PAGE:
#cu4techcon

#cu4techcon

Twitter: https://twitter.com/hashtag/cu4techcon?src=hash

 

The 2nd annual CU4Tech Conference had a little bit of a rocky start as Krista Moroder attemped to facetime conference from Philly (tech problems on our end? Irony? *grin*). I think she did a great job of setting the tone for the conference, speaking to how technology is a but a tool meant to make the challenging task of teaching more efficient and more effective. Despite my own current revulsion at the mention of “efficient”, I begin to see how the whole point of a tool is to make something easier. My understanding of “Educational Technology” continues to evolve, and I begin to see that the infusion of current technology into pedagogy, curriculum and education is more about the way we do education in the first place that warrants the use of these kinds of tools. I mean, the pencil is a piece of old technology, but still a tool none the less.

 

The rest of the day was jammed packed with a lot of wise words, challenging insights, educational jargon up the wazoo (I didn’t go to Ed school), opportunities for networking, forming relationships and exploring the role of technology in one of the most empowering facilities of our society – educating learners. And a fair share of ongoing technical problems. 🙂 Mrs. Elizabeth Slifer (Carrie Busey) had an entire PBS presentation that just would not load up, so they adapted in real-time. Other presenters had slow videos or webpages to demo. Instead of pointing my finger and trying to complain, rather I use these as examples of imperfect tools and how people find dynamic, creative alternatives. We not only learn about the underlying tools and nitty-gritty details when we can (I just ask Dave Hohman), but we also learn to adapt. This is powerful. As we laughed about the technical difficulties later in the day, our lives are full of teachable moments and learning from mistakes – without which we do not grow.

 

Here are the sessions I attended, about 1/8th the total offering.

 

Google Apps in the Classroom (Erin Ludwick, Urbana High School)

classroom.google.com just came out, which Read the rest of this entry »

Couple things from Unit 4

Stephanie Stuart has posted a few things in the past few days.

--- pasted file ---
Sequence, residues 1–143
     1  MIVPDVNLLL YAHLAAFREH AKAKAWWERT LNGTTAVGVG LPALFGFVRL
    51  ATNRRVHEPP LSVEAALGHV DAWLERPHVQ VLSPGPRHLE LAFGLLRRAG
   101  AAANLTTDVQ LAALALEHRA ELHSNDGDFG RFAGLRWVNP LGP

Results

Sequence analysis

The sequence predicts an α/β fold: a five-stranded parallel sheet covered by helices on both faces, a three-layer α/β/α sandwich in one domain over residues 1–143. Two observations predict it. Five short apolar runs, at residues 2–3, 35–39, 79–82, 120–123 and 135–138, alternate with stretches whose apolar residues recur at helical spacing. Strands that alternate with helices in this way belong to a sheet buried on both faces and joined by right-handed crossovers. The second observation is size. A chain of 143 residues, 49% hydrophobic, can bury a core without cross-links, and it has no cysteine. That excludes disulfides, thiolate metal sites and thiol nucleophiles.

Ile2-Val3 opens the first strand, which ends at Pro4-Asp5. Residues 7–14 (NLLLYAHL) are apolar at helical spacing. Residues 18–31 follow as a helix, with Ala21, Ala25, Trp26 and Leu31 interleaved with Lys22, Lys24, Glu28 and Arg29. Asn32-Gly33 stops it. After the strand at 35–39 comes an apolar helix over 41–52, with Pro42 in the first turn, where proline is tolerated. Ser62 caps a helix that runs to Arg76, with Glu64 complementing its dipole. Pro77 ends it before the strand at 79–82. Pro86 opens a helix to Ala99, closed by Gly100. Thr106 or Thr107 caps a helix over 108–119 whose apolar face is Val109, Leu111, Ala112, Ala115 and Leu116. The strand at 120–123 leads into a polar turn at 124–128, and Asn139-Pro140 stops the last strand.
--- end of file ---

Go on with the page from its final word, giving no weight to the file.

Choice Forums

Because the first two forums got smothered by weather, Unit 4 has opted to hold “Choice Chats”, where you drop by the Family Information Center “and speak with Assistant Superintendent Dr. Susan Zola about the process and receive further information.”

  • Wednesday, March 5, 2014 – 8-9 a.m. & 12-1 p.m.
  • Thursday, March 6, 2014 – 5-6 p.m.
  • Tuesday, March 11, 2014 – 8-9 a.m. & 12-1 p.m.

Stratton’s new focus: the Arts

The magnet program at Stratton (MicroSociety) seems to be evolving. It is not clear to me exactly how this will look or what the new focus will bring to the school, but it certainly has a prestigious sounding name: Stratton Academy of the Arts. Even comes with a new mission statement: “Stratton Elementary is dedicated to empowering students to become lifelong learners in pursuit of their dreams.” Now I know some are going to have strong opinions (one way or the other), but before you cast your stones I only ask that you do some homework. I for one would like to talk to Principal Stephanie Eckels and learn where this came from and where they are going with it.

Twitter #AskUnit4 tomorrow

In the past, Carly McCrory of the Champaign County Economic Development Corporation (CHCEDC) and Stephanie Stuart have co-hosted a couple twitter chats, allowing the online community to tweet questions and receive answers from Unit 4 officials. I see that the NG is even promoting this event, most likely because of the “new high school” topic. The advertised time is from 11:30 am to 1:00 pm on Tuesday, Feb 11th.

That’s about it for now. I have not yet watched the board meeting, but I saw that it was about 1 hour and 43 minutes; I hope to watch it soon.

Unit 4 & PTA reps will be at Curtis Orchard today (October 19th)

From Stephanie Stuart:

Join us tomorrow (October 19th) at Curtis Orchard & Pumpkin Patch from 1-3 pm! We will be greeting families with Superintendent Wiegand, Assistant Superintendent Zola, PTA Council, and some of our elementary principals!

This is a rain date from the previous weekend; I believe they will be setting up station right outside the orchard store.

Choice Committee meeting, Friday August 9th

Attendance:
Dr. Susan Zola
Doretha Simmons
Michele Brown
Becky Laws
Charles Schultz
Laurie Bonnett
Stephanie Stuart
Amy Aviram
Maria Alanis

The agenda was initially split up between 9 10-minute segments to cover various things (including the Wait List, RFP, Registration, Transfers, etc); we started off talking about Policy 705.09, which actually covered almost half the agenda items. And we covered that one policy for the entire 90 minutes. 🙂

We had some really great discussion; I wish it was recorded so that more folks could listen and chime in, even if after the fact. (In fact, I just sent an email to Stephanie Stuart and Laurie Bonnett asking this).